Create A Djembe Drum End Table to Spice Up Your Living Room

Often I will come across evocative yet charming instruments from Africa. One instrument that truly grabs my attention is the Djembe drum. Created over 700 years ago by the Mandinka people, conquerors of West Africa, the Djembe drum was favored by King Sundiata who ruled over much of West Africa, (think Guinea, Mali, Burkina Faso, Gambia, Senegal, and of course, Côte d’Ivoire). Although, between you and me, legend has it that the drum was actually invented by a woman who broke through the bottom of an older mortar while she was pounding millet. Creative and resourceful, she decided to place skin on top of mortar and create a drum! Today, the Djembe drum conquers the heart of West African culture, a centerpiece to many homes and communities, it remains a star of leading musicians and ensembles throughout the region. While these drums are famous for their commanding and riveting sounds, they are also visual artworks of expression.

Today, we will introduce the Djembe drum to our living room as an end table, a table sure to strike up a conversation when hosting guests.  What you will need:

  • One or more eclectic Djembe Drums
  • One 14” Round Glass Table top ( We recommend a ½ inch thick round tempered glass with a beveled edge.)

When shopping for our newest table we want to look for height, contour, texture, and artwork. Why do we start with height? Because for our new end-table to play a supporting role to our sofa, it will need to be equal to or just below the height of the sofa arms. An end-table that rises above the arms of a sofa is a fashion faux pas (but of course you already know that!). The standard sofa arm is about 25 inches tall while the standard height of a Djembe drum ranges from 20 to 25 inches, so we are in luck!

Next we look at the contour. The contour of a Djembe drum can vary greatly, but we are looking for one where the stand has a more slender shape. This slender shape will help bring the artwork on it to life as the inward indentation rising to the top of the stand offers greater depth to the carving.wood djembe drum

We also want to  look for texture on the drum. Interestingly, a professional Djembe drummer, or a Djembefola (‘one who plays the Djembe’), looks for texture inside the shell. More texture gives greater bass to the sound. However, we are looking for texture on the outside. Each of us will have our own preferences, but I like to see many layers of texture. I want a drum that remains fascinating every time I see it.  Notice the interaction between textures and designs from stand to head of this Djembe by Samuel Coleman.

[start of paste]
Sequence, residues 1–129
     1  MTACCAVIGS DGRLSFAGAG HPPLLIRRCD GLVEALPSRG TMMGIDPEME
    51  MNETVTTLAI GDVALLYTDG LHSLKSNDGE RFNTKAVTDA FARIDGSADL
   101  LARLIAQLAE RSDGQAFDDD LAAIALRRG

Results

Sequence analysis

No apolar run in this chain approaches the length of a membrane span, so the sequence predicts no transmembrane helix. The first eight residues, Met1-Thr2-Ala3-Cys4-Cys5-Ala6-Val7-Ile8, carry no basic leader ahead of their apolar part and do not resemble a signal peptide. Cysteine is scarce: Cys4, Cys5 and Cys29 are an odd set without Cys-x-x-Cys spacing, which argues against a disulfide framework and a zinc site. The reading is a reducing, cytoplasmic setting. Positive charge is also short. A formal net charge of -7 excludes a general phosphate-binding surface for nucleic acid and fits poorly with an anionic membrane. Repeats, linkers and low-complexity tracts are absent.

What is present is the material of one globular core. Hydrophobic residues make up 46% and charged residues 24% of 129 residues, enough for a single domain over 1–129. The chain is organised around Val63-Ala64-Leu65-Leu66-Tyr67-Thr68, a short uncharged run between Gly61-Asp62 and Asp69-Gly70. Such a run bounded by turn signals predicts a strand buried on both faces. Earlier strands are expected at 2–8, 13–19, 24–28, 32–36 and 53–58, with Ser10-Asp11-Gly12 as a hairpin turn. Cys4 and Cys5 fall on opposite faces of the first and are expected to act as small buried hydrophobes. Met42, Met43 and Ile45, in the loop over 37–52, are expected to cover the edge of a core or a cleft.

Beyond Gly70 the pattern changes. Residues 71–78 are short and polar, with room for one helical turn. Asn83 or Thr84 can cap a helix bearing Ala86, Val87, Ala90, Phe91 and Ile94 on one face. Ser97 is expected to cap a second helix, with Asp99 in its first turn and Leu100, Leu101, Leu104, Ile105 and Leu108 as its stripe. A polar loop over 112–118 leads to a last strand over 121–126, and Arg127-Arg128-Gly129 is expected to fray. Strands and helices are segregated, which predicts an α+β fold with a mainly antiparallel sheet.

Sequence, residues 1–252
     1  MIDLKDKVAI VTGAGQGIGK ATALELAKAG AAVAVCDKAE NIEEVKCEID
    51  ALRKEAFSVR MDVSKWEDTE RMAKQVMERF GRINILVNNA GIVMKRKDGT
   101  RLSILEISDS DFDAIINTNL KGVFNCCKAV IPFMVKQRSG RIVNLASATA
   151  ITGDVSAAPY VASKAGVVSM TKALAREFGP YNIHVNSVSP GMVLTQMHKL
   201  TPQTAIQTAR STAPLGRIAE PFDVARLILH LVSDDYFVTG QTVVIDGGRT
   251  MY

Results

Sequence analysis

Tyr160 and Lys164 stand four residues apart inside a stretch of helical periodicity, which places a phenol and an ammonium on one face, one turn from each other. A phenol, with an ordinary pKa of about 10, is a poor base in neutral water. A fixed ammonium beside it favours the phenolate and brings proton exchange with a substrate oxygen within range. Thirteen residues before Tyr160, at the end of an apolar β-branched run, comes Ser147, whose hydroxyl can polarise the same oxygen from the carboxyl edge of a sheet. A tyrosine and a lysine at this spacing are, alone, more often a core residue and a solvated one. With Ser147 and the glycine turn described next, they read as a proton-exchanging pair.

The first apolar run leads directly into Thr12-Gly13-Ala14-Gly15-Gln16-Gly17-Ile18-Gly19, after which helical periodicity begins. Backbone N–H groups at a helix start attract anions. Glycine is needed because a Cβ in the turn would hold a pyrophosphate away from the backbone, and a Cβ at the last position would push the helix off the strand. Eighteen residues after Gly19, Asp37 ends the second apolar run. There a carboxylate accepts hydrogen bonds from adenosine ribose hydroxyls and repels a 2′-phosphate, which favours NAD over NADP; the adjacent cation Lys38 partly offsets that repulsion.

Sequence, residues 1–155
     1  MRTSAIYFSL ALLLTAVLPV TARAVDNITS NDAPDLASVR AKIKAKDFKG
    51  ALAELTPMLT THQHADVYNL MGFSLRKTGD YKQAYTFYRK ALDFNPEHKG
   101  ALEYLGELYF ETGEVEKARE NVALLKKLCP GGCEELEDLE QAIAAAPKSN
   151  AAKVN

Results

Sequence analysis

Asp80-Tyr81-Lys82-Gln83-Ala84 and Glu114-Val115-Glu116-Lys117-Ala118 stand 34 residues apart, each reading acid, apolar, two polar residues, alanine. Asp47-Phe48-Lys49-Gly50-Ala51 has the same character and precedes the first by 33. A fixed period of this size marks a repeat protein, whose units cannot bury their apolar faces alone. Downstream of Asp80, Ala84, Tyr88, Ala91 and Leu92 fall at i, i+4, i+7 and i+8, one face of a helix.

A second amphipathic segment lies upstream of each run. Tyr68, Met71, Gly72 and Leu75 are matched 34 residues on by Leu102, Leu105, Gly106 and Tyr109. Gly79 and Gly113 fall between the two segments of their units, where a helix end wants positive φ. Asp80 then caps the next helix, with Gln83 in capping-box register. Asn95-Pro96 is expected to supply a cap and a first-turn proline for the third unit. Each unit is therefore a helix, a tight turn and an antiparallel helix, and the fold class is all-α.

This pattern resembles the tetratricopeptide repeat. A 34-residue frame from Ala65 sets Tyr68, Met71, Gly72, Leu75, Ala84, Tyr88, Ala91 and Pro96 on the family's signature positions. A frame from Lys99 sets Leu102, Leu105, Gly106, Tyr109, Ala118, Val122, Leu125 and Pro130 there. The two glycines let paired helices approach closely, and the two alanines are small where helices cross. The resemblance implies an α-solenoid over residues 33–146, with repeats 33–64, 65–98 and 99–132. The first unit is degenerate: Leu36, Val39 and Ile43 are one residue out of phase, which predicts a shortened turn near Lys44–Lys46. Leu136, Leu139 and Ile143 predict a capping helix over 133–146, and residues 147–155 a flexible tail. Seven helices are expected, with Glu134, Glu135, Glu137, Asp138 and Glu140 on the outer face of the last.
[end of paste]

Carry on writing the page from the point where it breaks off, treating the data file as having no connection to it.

Handcrafted Wood Djembe Drum, ‘Ceremonial Celebrations’

Finally, we arrive at my favorite part of the shopping process. We look at the artwork of the Djembe drum. These drums are very expressive and range from understated elegance to statement-making.african drum with giraffe design

Make a statement and bring the safari home by introducing exotic animals like the Giraffe into your home, with this Wood Djembe Drum from West Africa, ‘Giraffe Beat’ handcrafted by Salihu Ibrahim.

wood drum from africa

Sometimes the subtle nature of a Djembe Drum featuring detailed and intricate carvings can both complement its surrounding environment while still maintaining itself as a beautiful piece of artwork, such as this Wood Djembe drum, ‘Kete Dancers’ by Samuel Coleman.

Alright, now we have our Djembe drum, we’ve dedicated our favorite side of the sofa to our new table, we simply need to place our glass table-top on the drum and voila. You can use this table for anything you would use an end-piece table for, the glass will evenly disperse the weight across the structure of the drum to help support everything from a lamp to your book of the week! (Tip: keep something light on the drum that you can easily remove, don’t be surprised if you occasionally hosts guests who are curious how the drum sounds. And remember, it’s not a piano, enjoying the sounds of a Djembe drum is something that even us beginners can do.)

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Nomusa Xaba
Nomusa Xaba
1 year ago

My understanding as a percussionist is that it is disrespectful to use the drum as an end table, in fact I was taught that nothing should go on the drum. FYI

Pamela Hofman
Pamela Hofman
Reply to  Nomusa Xaba
1 year ago

That’s interesting to learn. Thanks for the info. No disrespect is intended.

Pam for NOVICA.